For example, armored dinosaurs such as ankylosaurids, nodosaurids and stegosaurids. With a low profile and sturdy legs, having a tail for balance isn’t needed, but they still had well formed tails for a single reason: they were mortal weapons. Stegosaurids had piercing spikes, nodosaurids had rows of sharp blades and ankylosaurids had a mass of bone at the tip that formed a fearsome weapon against predators.

Tail club of Euoplocephalus tutus, an ankylosaurid. Photo by Ghedoghedo, from Wikipedia, 2011.

Sauropods, at least the ones without extreme long neck lenghts, wouldn’t need such a long tail for counterbalancing; their torso might have been enough. These would then be free to be used as weapons since they couldn’t back-off predators with sheer size alone, and surely enough, some sauropods such as Diplodocus had elongated tails that ended in thin bones that could be used as whips, and the chinese Shunosaurus had a bone club similar to that of ankylosaurids. Both dinosaurs, while much larger than any living terrestrial animal, are visibly rather small for sauropod standards.

Skeletal reconstruction of the Spinophorosaurus nigerensis from Africa, which closely resembles the chinese Shunosaurus both in size and weaponry. Souce: Remes K, Ortega F, Fierro I, Joger U, Kosma R, et al. (2009).

On the same note, brachiosaurids had huge front legs which supported an extreme neck, but their tails were very small compared to other sauropods. So small in fact, they couldn’t be used for anything and one wouldn’t be surprised if their tails became stumps had they survived long enough.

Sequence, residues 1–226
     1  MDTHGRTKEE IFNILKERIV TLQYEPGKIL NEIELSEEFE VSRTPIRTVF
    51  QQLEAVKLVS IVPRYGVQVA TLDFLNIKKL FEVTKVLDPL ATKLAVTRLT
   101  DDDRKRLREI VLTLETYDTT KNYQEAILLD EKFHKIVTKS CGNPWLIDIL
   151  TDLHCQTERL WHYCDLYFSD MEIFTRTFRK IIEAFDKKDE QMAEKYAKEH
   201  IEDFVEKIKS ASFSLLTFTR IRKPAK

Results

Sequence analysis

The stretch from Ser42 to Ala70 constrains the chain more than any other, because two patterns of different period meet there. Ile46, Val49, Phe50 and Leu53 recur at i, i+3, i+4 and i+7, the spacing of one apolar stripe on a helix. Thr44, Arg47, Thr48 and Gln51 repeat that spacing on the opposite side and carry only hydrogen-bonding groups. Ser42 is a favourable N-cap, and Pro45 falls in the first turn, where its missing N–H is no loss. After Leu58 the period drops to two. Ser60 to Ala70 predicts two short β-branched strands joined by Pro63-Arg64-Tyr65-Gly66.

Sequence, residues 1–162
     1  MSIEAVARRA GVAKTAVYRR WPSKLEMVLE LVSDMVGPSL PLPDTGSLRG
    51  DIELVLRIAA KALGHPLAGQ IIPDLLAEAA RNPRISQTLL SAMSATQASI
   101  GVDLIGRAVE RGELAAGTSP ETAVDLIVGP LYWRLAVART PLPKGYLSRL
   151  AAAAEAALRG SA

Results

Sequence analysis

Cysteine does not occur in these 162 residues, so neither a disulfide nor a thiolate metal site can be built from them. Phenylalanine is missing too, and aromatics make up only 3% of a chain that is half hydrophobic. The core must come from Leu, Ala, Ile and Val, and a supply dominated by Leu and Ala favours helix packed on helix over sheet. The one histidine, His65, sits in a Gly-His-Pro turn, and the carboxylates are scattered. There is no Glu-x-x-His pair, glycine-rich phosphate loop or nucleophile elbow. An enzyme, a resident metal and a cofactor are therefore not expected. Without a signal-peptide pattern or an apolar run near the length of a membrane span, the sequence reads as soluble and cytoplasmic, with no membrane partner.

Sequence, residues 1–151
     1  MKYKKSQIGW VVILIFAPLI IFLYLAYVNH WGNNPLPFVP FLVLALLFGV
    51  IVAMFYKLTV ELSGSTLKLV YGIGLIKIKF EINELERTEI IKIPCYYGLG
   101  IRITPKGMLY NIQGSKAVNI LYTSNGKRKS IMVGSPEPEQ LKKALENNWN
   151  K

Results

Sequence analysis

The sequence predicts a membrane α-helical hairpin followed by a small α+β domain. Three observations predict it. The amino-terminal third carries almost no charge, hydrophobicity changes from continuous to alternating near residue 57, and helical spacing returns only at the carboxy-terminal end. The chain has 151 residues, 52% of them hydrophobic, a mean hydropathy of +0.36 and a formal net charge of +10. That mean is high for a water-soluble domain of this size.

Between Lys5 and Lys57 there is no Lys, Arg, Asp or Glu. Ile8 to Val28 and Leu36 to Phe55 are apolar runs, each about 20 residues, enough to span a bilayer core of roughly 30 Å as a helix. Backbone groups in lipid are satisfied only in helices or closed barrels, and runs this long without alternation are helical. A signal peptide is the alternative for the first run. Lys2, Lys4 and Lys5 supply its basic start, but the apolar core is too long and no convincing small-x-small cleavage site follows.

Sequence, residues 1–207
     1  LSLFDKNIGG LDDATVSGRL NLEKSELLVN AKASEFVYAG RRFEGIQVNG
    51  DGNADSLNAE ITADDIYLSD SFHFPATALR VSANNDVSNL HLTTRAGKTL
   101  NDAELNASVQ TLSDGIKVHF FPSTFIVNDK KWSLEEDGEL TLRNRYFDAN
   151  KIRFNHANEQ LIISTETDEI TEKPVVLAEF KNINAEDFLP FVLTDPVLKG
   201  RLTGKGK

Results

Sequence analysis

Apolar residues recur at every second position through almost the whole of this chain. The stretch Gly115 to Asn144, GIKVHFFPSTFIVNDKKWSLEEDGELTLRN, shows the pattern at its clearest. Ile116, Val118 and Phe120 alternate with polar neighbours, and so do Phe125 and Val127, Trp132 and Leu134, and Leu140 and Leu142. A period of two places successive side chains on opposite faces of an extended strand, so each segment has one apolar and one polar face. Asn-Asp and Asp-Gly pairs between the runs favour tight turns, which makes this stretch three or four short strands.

Brachiosaurus brancai (now Giraffatitan brancai). Picture by Paul Olsen, 1988.

Now there are the odd ones: Ceratopsians. The larger ceratopsian that dominated North America in the late Cretaceous period landscape are known for their huge frills and huge horns and sturdy bodies… and for having rather pathetic-looking tails. These were relatively short and thin, and it’s hard to imagine that ceratopsians used them for counterbalancing their skull – which is in some way confusing since they might have been quite heavy even with the “windows” on the frills to decrease the weight.

And even odder ones: Pachycephalosaurids. These dinosaurs are known for their thick skulls which they used for head-butting contests (yes), but they are also known for the woven net of tendons at the tip of their tails. The total opposite of what usually happens.